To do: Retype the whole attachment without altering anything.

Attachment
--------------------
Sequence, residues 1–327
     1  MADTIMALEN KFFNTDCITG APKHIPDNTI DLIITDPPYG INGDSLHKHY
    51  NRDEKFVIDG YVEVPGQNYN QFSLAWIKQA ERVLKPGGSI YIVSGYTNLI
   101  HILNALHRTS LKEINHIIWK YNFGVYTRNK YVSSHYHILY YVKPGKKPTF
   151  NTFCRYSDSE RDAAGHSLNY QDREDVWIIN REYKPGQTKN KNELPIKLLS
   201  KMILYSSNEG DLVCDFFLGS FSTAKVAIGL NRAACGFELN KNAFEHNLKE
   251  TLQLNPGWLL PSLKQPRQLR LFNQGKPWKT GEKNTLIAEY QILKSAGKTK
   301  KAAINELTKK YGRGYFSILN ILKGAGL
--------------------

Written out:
Sequence, residues 1–327
     1  MADTIMALEN KFFNTDCITG APKHIPDNTI DLIITDPPYG INGDSLHKHY
    51  NRDEKFVIDG YVEVPGQNYN QFSLAWIKQA ERVLKPGGSI YIVSGYTNLI
   101  HILNALHRTS LKEINHIIWK YNFGVYTRNK YVSSHYHILY YVKPGKKPTF
   151  NTFCRYSDSE RDAAGHSLNY QDREDVWIIN REYKPGQTKN KNELPIKLLS
   201  KMILYSSNEG DLVCDFFLGS FSTAKVAIGL NRAACGFELN KNAFEHNLKE
   251  TLQLNPGWLL PSLKQPRQLR LFNQGKPWKT GEKNTLIAEY QILKSAGKTK
   301  KAAINELTKK YGRGYFSILN ILKGAGL